I recently got a new iMac and wanted the music from my iPhone on it. I have tried several different apps that work well with iPods, but have trouble with the iPhone for whatever reason. Senuti used to be my go-to app, but it hadn’t been updated for the iPhone 3G, not to mention that they had started charging for the software. Yamipod is a great free app that does the job for getting music off, as well as putting music back on the iPod (although a little unrefined as far as UI goes and occasionally crashes), but it doesn’t work with the iPhone 3G either.
I settled on Music Rescue, which costs £10 to register, but you can download and try it for free.
When you first launch it with your iPhone plugged in, it automagically recognizes it and gives you the option to open it or QuickRecover. Pretty smart, eh? I chose to open it, because I didn’t know what QuickRecover would do. I’m ignorant. I admit it.
After you open it, you can see the contents of your iPhone in a beautiful and very iTunes-esque interface. I’m not saying iTunes is the best, but at least it eliminates the learning curve. You have access to view and playback your music, movies, podcasts, and audiobooks. I didn’t have any TV shows on my iPhone, but it appears to handle all media on your iPhone. Probably not voice recordings, though.
I was impressed with all the options in the preferences to customize how you want the app to behave. Very flexible and useful. You can even setup a profile for your device that will be stored on the device itself so that when you plug into other computers with Music Rescue, it will remember the settings. This could be useful if you want to keep two computer music libraries synced through the use of your iPhone.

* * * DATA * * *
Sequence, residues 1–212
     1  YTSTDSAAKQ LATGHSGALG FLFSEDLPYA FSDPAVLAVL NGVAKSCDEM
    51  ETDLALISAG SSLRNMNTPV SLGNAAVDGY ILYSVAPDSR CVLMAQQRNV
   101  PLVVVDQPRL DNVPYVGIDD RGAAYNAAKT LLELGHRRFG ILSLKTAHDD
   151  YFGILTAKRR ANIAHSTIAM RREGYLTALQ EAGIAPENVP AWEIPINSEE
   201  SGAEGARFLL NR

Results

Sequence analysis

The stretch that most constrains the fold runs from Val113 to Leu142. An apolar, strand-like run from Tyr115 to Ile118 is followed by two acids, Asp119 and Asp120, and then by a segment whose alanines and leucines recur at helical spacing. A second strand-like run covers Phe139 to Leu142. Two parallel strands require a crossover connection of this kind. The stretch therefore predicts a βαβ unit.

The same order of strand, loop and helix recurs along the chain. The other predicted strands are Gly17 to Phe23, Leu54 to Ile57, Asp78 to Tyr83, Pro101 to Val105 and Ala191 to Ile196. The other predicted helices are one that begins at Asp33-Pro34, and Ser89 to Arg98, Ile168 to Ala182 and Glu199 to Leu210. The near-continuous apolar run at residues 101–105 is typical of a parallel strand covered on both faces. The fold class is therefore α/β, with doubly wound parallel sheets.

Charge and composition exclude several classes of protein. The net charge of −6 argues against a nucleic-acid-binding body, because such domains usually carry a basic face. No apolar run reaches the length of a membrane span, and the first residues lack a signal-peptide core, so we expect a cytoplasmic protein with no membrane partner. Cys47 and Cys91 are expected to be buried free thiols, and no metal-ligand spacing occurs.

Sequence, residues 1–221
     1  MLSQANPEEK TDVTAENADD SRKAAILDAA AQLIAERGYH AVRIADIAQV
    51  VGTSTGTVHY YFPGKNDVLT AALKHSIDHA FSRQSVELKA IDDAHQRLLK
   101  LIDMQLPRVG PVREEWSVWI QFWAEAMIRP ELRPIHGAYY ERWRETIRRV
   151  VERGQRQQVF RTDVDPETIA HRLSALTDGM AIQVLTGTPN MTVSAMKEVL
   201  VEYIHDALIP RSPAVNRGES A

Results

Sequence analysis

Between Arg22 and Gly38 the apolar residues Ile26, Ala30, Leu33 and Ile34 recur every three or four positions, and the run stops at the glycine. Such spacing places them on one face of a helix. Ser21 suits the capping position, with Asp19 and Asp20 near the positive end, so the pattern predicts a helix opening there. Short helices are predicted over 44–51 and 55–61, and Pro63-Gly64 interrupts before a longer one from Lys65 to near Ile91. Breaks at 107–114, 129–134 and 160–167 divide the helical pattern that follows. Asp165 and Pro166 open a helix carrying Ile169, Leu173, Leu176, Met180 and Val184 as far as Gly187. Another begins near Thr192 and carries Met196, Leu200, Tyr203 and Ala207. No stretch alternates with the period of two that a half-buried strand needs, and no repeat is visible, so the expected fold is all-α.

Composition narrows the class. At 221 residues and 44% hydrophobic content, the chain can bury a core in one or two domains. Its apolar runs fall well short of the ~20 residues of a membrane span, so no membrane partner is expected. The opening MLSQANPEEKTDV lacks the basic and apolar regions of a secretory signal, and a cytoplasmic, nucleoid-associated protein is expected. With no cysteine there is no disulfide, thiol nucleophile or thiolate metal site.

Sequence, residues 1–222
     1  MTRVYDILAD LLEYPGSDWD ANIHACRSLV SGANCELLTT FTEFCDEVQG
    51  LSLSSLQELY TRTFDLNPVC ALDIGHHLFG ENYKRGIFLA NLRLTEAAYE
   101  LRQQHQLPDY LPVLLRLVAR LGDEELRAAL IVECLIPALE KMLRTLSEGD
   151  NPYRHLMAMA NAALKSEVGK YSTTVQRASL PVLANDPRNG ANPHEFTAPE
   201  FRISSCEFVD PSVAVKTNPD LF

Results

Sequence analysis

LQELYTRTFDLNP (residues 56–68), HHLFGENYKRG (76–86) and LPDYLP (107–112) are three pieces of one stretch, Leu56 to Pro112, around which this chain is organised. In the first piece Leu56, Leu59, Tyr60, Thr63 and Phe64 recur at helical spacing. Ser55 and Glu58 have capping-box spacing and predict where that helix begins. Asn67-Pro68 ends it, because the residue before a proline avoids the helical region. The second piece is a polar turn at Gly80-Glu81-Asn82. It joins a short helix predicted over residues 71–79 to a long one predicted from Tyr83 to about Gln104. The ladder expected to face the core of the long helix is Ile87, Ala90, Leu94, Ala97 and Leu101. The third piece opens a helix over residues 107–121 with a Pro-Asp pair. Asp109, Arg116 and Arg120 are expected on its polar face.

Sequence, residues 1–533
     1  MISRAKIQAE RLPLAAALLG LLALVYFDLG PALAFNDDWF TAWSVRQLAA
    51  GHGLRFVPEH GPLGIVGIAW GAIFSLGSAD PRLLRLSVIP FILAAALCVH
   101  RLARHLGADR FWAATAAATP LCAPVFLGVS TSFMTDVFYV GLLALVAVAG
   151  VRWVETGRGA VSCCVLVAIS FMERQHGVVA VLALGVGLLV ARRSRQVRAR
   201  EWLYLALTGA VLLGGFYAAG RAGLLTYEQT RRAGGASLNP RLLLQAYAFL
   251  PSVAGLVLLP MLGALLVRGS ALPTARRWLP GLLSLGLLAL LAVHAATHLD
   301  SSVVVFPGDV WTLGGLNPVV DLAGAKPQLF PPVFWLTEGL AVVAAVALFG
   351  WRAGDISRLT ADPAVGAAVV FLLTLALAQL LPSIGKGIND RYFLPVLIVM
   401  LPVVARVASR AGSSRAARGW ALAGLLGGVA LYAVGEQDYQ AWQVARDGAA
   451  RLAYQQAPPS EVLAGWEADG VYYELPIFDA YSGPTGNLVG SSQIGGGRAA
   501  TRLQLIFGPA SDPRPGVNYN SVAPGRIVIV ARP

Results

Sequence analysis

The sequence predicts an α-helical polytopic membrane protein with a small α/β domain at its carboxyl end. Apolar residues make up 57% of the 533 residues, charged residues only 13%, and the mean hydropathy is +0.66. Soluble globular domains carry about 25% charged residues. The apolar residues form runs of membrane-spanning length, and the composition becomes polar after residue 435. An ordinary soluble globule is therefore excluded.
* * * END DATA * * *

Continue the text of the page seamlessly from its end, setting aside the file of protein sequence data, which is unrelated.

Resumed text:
When you’re ready to start the copy, click the button in the bottom right corner that says “Begin Copy…” and you’re presented with some options of which media you want to copy as shown below. I love options and flexibility! I also love the little encouragement in the bottom left, “Don’t steal music.” Isn’t that Apple’s line?
If you use the software in the Demo mode, then you’ll be nagged every 50 songs with this little window which goes away by clicking OK. I love developers who tell you it isn’t free software, yet they let you use it for free. It’s like those companies that send you free return address labels, but then ask you to send in a donation if you plan on using them. Yeah, ok, I’ll get right on that.
It’s a small annoyance, but if you use this more than once, it would definitely be worth it to purchase a license key. After all your media is copied from the iPhone, it then opens iTunes and adds it to the library. If there are conflicts, it warns you and gives you options for overwriting, skipping, or merging data. How very thoughtful!
Overall, a very flexible, easy, quick, and painless procedure to get my music off my iPhone. I highly recommend this software to anyone in the same boat.
P.S. They also offer a Windows version, but I have not tested it. Let me know how it works for you.